These standards for healthier drinks are designed to control the amount of sugar, fat and saturated fat provided by school drinks :
- Free, fresh drinking water should be provided at all times
- The only drinks permitted during the school day are:
- Plain water (still or carbonated);
- Lower fat milk or lactose-reduced milk;
- Fruit or vegetable juice (max 150mls)
- Plain soya, rice or oat drinks enriched with calcium; plain fermented milk (e.g. yoghurt) drinks;
- Combinations of fruit or vegetable juice with plain water (still or carbonated, with no added sugars or honey);
- Combinations of fruit juice and lower fat milk or plain low-fat yoghurt, plain soya, rice or oat drinks enriched with calcium; cocoa and lower fat milk; flavoured lower fat milk all with less than 5% added sugars or honey;
- Tea, coffee, hot chocolate;
- Combination drinks are limited to a portion size of 330ml. They may contain added vitamins or minerals but no more than 150ml of fruit or vegetable juice. Fruit or vegetable juice combination drinks must be at least 45% fruit or vegetable juice by volume.
This food group includes:
- Plain drinks like water, (still or carbonated), fruit or vegetable juice (max 150mls), lower fat or lactose reduced milk, (milk with a fat content of no more than 1.8 per cent), plain soya, rice or oat drinks enriched with calcium and plain yoghurt drinks.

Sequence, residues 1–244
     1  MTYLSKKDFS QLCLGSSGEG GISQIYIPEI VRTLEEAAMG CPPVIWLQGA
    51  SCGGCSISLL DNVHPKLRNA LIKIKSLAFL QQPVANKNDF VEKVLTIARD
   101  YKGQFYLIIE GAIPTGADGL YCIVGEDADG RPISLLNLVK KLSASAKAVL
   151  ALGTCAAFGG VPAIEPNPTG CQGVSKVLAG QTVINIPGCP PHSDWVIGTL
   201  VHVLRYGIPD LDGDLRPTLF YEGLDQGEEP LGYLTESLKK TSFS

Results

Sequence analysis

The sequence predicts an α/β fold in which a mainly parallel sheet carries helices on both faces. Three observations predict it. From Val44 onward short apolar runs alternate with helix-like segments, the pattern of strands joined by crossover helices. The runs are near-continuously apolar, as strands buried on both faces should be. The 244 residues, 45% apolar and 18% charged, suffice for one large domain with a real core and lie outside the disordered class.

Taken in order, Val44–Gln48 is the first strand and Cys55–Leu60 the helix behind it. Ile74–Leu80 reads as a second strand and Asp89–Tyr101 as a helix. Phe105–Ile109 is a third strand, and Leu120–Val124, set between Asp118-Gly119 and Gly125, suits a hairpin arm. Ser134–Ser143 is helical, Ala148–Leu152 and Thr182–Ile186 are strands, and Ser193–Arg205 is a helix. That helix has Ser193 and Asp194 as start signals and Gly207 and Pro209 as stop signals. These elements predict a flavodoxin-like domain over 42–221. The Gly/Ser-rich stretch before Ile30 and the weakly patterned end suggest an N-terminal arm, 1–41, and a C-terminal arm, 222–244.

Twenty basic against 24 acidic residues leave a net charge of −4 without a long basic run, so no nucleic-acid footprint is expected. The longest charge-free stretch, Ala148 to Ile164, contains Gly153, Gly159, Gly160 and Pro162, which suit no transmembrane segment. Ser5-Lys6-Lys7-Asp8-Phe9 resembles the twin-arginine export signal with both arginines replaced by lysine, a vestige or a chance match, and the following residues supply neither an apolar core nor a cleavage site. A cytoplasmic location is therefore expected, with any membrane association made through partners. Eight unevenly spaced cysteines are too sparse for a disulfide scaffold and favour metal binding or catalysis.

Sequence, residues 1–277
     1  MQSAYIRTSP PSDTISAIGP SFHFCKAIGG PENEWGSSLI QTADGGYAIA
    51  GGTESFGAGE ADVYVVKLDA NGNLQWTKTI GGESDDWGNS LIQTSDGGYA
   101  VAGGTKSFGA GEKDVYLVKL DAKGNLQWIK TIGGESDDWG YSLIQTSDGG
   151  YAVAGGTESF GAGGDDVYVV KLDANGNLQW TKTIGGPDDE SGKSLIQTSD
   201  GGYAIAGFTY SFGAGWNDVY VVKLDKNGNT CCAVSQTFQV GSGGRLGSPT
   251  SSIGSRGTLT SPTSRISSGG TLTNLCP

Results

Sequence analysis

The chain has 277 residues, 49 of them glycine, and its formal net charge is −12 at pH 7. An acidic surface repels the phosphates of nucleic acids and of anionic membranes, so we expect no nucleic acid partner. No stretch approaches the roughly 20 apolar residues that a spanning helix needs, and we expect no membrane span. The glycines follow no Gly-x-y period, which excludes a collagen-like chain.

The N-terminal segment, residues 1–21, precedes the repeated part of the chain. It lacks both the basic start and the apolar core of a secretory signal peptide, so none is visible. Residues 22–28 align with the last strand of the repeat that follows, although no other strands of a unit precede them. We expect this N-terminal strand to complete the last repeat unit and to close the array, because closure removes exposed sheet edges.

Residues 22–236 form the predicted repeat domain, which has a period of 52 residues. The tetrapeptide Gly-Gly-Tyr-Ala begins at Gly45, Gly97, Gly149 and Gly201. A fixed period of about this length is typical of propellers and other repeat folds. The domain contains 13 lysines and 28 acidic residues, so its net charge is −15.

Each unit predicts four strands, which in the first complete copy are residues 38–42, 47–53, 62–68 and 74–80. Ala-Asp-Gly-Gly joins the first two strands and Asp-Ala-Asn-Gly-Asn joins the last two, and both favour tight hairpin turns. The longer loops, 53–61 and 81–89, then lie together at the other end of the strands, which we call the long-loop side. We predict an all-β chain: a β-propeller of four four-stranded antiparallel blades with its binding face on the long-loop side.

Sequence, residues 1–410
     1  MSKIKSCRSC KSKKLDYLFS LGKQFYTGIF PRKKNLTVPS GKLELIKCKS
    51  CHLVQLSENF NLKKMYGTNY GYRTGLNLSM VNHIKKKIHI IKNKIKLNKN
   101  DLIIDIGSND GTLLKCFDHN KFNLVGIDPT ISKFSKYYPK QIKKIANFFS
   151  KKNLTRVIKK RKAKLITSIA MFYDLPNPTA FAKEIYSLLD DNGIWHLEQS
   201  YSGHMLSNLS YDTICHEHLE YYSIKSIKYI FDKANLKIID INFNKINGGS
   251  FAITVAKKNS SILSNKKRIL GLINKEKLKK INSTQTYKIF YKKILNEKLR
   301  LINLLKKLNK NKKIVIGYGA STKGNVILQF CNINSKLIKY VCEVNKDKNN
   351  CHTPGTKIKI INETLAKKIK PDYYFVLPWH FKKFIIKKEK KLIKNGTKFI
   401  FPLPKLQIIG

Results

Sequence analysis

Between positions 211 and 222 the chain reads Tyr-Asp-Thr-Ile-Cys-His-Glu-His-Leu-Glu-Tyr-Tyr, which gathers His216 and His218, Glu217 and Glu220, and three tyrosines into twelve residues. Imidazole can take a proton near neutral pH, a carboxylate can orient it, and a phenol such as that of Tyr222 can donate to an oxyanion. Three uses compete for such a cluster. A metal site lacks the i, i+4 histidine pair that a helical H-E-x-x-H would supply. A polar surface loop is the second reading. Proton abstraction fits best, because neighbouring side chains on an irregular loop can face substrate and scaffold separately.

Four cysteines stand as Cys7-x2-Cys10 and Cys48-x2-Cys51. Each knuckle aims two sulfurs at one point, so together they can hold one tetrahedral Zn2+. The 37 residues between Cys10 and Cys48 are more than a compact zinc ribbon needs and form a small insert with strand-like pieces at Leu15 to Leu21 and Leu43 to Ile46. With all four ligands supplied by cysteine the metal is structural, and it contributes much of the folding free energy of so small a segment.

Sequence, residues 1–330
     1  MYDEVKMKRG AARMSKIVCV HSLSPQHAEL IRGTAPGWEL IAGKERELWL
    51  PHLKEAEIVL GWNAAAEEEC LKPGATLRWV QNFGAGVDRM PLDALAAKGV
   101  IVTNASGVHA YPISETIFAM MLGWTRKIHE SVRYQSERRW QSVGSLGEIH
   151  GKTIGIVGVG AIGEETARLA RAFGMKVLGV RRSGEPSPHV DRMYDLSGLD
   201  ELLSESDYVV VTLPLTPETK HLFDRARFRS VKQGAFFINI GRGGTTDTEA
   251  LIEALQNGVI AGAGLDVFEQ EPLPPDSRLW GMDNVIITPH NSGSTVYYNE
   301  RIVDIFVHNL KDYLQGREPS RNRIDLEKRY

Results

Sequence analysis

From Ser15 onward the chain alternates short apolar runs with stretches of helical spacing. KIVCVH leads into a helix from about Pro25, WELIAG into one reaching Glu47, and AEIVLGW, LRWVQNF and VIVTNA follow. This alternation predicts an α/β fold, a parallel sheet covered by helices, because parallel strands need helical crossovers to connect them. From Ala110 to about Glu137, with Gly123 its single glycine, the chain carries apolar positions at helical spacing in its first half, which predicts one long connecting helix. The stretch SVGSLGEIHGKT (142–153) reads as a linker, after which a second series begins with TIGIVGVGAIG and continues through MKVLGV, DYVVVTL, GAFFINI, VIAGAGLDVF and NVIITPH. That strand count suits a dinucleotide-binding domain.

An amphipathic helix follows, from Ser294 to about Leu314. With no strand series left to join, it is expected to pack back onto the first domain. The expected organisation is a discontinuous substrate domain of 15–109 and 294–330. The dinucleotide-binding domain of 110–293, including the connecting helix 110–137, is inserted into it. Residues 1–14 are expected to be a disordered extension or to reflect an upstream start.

- Combinations of fruit or vegetable juice with plain water (still or carbonated, with no added sugars or honey).
- Combinations of fruit juice and lower fat milk or plain yoghurt, plain soya, rice or oat drinks enriched with calcium; cocoa and lower fat milk; flavoured lower fat milk.
Combination drinks are classified as non-alcoholic flavoured drinks under EU law and are allowed to contain the additives and flavourings as specified by Regulation (EC) No 1333/2008 on food additives and Regulation (EC) No 1334/2008 on flavourings.
Download our resource for full technical details of permitted drinks.
Do we need to provide drinking water for pupils?
Schools must have free drinking water available at all times to registered pupils on school premises. You can sell bottled water, including sparkling water, as well.
What is a combination drink?
Combination drinks are non-alcoholic flavoured drinks under EU law under category 18 in Annex II of Regulation (EC) No 1333/2008 on food additives, where specified additives are permitted.
Our summary drinks table lists and defines the type of drinks that can be provided in schools, along with the legislation that underpins the drinks standard.
Why do the standards include a cap on the portion size of fruit juice and combination drinks?
The portion size of all fruit juice and milk combination drinks is limited to a maximum of 330mls, to help keep children’s sugar and calorie intake down. The limit on fruit juice portion size (150ml) is in line with current Public Health England guidance. The sugar in fruit juices, unlike that in whole fruit, is associated with dental decay and it’s recommended that fruit juice is only consumed with meals.
Can additives be used in combination drinks?
Under EU law drinks can contain additives and flavourings, but the School Food Plan Expert Standards Panel strongly encourages schools to provide drinks which are additive-free.